What is serverless computing?
Serverless computing is a method of providing backend services on an as-used basis. A serverless provider allows users to write and deploy code without the hassle of worrying about the underlying infrastructure. A company that gets backend services from a serverless vendor is charged based on their computation and do not have to reserve and pay for a fixed amount of bandwidth or number of servers, as the service is auto-scaling. Note that despite the name serverless, physical servers are still used but developers do not need to be aware of them.
In the early days of the web, anyone who wanted to build a web application had to own the physical hardware required to run a server, which is a cumbersome and expensive undertaking.
Then came cloud computing, where fixed numbers of servers or amounts of server space could be rented remotely. Developers and companies who rent these fixed units of server space generally over-purchase to ensure that a spike in traffic or activity will not exceed their monthly limits and break their applications. This means that much of the server space that gets paid for can go to waste. Cloud vendors have introduced auto-scaling models to address the issue, but even with auto-scaling an unwanted spike in activity, such as a DDoS Attack, could end up being very expensive.
Serverless computing allows developers to purchase backend services on a flexible ‘pay-as-you-go’ basis, meaning that developers only have to pay for the services they use. This is like switching from a cell phone data plan with a monthly fixed limit, to one that only charges for each byte of data that actually gets used.
The term ‘serverless’ is somewhat misleading, as there are still servers providing these backend services, but all of the server space and infrastructure concerns are handled by the vendor. Serverless means that the developers can do their work without having to worry about servers at all.
What are the advantages of serverless computing?
- Lower costs - Serverless computing is generally very cost-effective, as traditional cloud providers of backend services (server allocation) often result in the user paying for unused space or idle CPU time.
- Simplified scalability - Developers using serverless architecture don’t have to worry about policies to scale up their code. The serverless vendor handles all scaling on demand.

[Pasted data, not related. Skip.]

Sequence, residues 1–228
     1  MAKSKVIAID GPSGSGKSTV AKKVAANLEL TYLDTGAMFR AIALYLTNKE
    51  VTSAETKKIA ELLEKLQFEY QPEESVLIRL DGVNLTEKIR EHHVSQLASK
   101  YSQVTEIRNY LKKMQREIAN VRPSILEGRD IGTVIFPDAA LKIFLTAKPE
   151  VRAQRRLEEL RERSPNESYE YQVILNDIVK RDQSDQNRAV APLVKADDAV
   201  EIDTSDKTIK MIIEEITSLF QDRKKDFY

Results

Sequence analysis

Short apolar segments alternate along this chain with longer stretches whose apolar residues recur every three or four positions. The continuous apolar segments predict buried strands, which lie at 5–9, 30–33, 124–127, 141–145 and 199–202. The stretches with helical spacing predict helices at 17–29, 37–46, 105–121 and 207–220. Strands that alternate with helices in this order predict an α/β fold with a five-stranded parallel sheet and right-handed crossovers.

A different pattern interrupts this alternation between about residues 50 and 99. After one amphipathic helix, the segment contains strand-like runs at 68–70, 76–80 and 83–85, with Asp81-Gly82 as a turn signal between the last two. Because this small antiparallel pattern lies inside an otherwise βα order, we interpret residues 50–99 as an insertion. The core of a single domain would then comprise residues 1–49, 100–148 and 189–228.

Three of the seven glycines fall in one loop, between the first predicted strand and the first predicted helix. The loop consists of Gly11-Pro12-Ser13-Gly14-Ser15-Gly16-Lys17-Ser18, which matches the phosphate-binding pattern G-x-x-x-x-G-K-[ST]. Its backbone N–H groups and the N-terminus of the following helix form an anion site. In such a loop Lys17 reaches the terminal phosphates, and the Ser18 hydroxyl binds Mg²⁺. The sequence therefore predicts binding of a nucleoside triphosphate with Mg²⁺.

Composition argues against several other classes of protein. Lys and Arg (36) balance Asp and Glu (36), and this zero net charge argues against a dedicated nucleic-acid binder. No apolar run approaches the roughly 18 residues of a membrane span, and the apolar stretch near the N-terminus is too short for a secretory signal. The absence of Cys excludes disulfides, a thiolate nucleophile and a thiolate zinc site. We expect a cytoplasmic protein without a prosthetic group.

- Simplified backend code - With FaaS, developers can create simple functions that independently perform a single purpose, like making an API call.
- Quicker turnaround - Serverless architecture can significantly cut time to market. Instead of needing a complicated deployment process to roll out bug fixes and new features, developers can add and modify code on a piecemeal basis.
How serverless technology works
Developers rely on serverless to execute specific functions. Because of this, cloud service providers offer Functions as a Service (FaaS). Below, you can see how functions are written and executed in a serverless way.
- The developer writes a function. This function often serves a specific purpose within the application code.
- The developer defines an event. The event is what triggers the cloud service provider to execute the function. A common type of event is an HTTP request.
- The event is triggered. If the defined event is an HTTP request, a user triggers the event with a click or similar action.
- The function is executed. The cloud service provider checks if an instance of the function is already running. If not, it starts a new one for the function.
- The result is sent to the client. The user sees the result of the executed function inside the application.
Single function applications
Chatbots are popular among customer service and sales teams for communicating with customers and prospects when team members aren’t available. They’re also popular for internal communication and updates (e.g. Slack). But even though they provide substantial value, their code is relatively minimal and can often be turned into a single function.
Instead of hosting chatbot logic on VMs that are always running at capacity—even when functions are not being executed—chatbot service providers can run that logic on a serverless platform to decrease their operational costs. This way, the company is only billed when serving a request. They are not over-billed for VMs that are underutilized.
Companies can also create their own chatbots more easily and save on chatbot services. Developers can quickly create serverless bots and other internal business apps without needing to think about the backend.